Benner on Tech: Periscope's Knock Out

Katie Benner is a Bloomberg View columnist who writes about technology, innovation, and the cult and culture of Silicon Valley. She lives in San Francisco.
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Users of the live-streaming apps Periscope and Meerkat watched the Mayweather-Pacquiao fight for free. When HBO and Showtime got exclusive rights to the fight -- and put up a $100 paywall -- they took preliminary legal measures against streaming sites that were going to show the match for free. But they couldn’t stop people from watching the fight on those fledgling video apps. 

Was this copyright infringement? Sure. And I can’t condone breaking the law. But here’s another way to look at the situation: This fight was the most graphic illustration yet of just why subscription television is in trouble, even if cable companies do away with annoying bundles.

This latest bout of copyright infringement comes just a couple of weeks after HBO sent a takedown notice to Periscope after users live-streamed the "Game of Thrones" season premiere. Good luck to you, ESPN.

Chambers to Step Down 

Chuck Robbins will succeed John Chambers as chief executive officer of Cisco Systems Inc. (Bloomberg)

The Tech Industry Mourns

Dave Goldberg, the chief executive of SurveyMonkey and the husband of Facebook Chief Operating Officer Sheryl Sandberg, died on Friday night. He was only 47 years old.

If you read the many obituaries that were published over the weekend, a portrait emerges of a much-beloved figure who was a generous friend to tech big shots, investing giants and people of humbler stature who needed his advice and guidance. Adam Lashinsky wrote a lovely tribute to Goldberg for Fortune. The New York Times’s Jodi Kantor noted that he was a great advocate for women in technology.

Bad News for Trolls

Stanford and Cornell researchers examined online behavioral patters and think they’ve come up with an algorithm that can identify abusive online behavior. (the Economist)

Earnings Roundup

Reporting today: Cablevision, Comcast and On Deck Capital. Later in the week: Alibaba, AOL, Groupon, Tesla and Zynga will report.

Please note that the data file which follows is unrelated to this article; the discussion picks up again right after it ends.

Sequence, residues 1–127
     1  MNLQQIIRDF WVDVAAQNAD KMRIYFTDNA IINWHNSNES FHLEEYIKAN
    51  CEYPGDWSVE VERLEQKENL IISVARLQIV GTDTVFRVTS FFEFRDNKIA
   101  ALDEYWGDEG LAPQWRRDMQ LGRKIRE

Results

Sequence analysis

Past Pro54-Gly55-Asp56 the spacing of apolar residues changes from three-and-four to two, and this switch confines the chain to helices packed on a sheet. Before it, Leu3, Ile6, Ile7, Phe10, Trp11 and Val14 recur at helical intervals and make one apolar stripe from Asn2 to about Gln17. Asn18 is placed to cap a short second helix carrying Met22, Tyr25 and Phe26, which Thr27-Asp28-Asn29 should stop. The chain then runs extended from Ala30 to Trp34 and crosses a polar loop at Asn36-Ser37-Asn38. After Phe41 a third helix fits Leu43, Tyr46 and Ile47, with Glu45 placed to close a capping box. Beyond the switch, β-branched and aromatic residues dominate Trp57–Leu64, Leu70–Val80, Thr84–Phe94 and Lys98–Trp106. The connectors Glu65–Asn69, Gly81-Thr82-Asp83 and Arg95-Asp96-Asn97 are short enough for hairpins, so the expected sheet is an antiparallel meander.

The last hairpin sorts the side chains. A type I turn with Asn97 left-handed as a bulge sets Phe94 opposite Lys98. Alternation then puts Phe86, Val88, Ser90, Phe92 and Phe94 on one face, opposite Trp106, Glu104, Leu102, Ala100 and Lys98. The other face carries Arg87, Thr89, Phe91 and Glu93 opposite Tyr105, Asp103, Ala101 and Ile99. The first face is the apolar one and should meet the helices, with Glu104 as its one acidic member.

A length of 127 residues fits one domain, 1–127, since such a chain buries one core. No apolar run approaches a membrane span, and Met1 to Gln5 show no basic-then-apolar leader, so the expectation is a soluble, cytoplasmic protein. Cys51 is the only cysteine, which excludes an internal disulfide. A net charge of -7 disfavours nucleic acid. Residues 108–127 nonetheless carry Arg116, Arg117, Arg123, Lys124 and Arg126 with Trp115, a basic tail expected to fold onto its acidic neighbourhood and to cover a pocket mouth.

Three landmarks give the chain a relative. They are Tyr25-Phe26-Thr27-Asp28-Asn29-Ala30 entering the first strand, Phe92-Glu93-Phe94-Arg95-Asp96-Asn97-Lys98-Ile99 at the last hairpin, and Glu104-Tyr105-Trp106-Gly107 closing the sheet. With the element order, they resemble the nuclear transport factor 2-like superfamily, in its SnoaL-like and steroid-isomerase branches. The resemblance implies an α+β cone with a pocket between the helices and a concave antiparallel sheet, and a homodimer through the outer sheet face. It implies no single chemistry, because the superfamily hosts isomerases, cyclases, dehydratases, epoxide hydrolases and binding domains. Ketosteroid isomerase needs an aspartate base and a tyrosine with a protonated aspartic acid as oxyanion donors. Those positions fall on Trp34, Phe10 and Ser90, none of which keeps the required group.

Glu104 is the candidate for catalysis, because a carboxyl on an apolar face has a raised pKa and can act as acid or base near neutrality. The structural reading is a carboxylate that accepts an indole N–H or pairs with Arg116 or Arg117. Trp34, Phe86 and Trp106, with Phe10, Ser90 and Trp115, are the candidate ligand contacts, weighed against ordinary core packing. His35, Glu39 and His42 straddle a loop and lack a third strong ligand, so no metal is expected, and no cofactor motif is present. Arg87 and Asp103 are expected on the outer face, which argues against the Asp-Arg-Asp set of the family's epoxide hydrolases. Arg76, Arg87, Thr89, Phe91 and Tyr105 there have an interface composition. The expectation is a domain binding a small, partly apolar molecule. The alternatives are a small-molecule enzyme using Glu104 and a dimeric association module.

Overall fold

Ventureland

Spotify’s $8.4 billion valuation is hard to justify when you take a close look at the business model. (Wall Street Journal)

Snapchat, which is valued at $15 billion, is willing to spend big to be a player in the 2016 election. (New York Times)

There are too many smart gadgets, and a shakeout is coming soon. (Wall Street Journal)

Andreessen Horowitz is more Hollywood than venture capital. But whether it’s more talent agency or movie studio could determine whether it succeeds or fails in the long run. (New York Times)

People and Personnel Moves

Paul Allen looks back on Microsoft and talks about his hopes for Windows 10. (New York Times)

Joseph Lechleider, who helped create DSL Internet service and worked at the Bell research lab, died on April 18 at the age of 82. (New York Times)

Companies

Alibaba still wants programming “cheerleaders,” but is no longer looking for job applicants who look like porn stars. (Bloomberg)

Apple said tattoos can interfere with some Apple Watch functions. The company is getting very friendly with Samsung again, and the rest of the hardware world should be very worried. (Bloomberg)

Facebook could let publishers keep all of the revenue from certain ads if they’re willing to distribute more content through the social network using a new product called Instant Articles. (Wall Street Journal)

Google is the undisputed king of online search. But dozens of startups and venture capitalists are fighting to make sure someone else dominates mobile search. (New York Times)

Salesforce has had strategic talks with SAP. (Bloomberg)

Tesla CEO Elon Musk wants to change the way that the world uses energy, a goal that’s informed by his devotion to the idea of “first principles,” meaning coming at problems with a fresh perspective. (Bloomberg) Here are the 12 most important things to know about the company’s Powerwall event. (Bloomberg)

Security Watch

Germany is investigating allegations that the country’s foreign intelligence agency illegally helped the U.S. spy on European officials and companies. (Reuters)

Lawmakers could soon limit bulk data collection and force secret intelligence proceedings to be more transparent. But the changes are modest enough that the National Security Agency doesn’t care. (New York Times)

The Justice Department is changing its stance on secret phone tracking. (Wall Street Journal)

News and Notes

Problems for women in the tech industry might actually be more of an issue for Silicon Valley than other places in the country. (Inc)

The hottest job in tech might be artificial-intelligence expert. (Wall Street Journal)

Telemedicine appointments will be insured. UnitedHealthcare, the country’s largest health insurer, will cover appointments offered by NowClinic, Doctor on Demand and American Well. (Wired)

As driverless cars become more of a reality, the legal system hasn’t caught up to the new technology. (New York Times)

The Federal Aviation Administration found a software glitch that could shut down electrical power to Boeing 787s if the planes are powered without interruption for 248 days.

This column does not necessarily reflect the opinion of Bloomberg View's editorial board or Bloomberg LP, its owners and investors.

To contact the editor on this story:
Maria Lamagna at mlamagna@bloomberg.net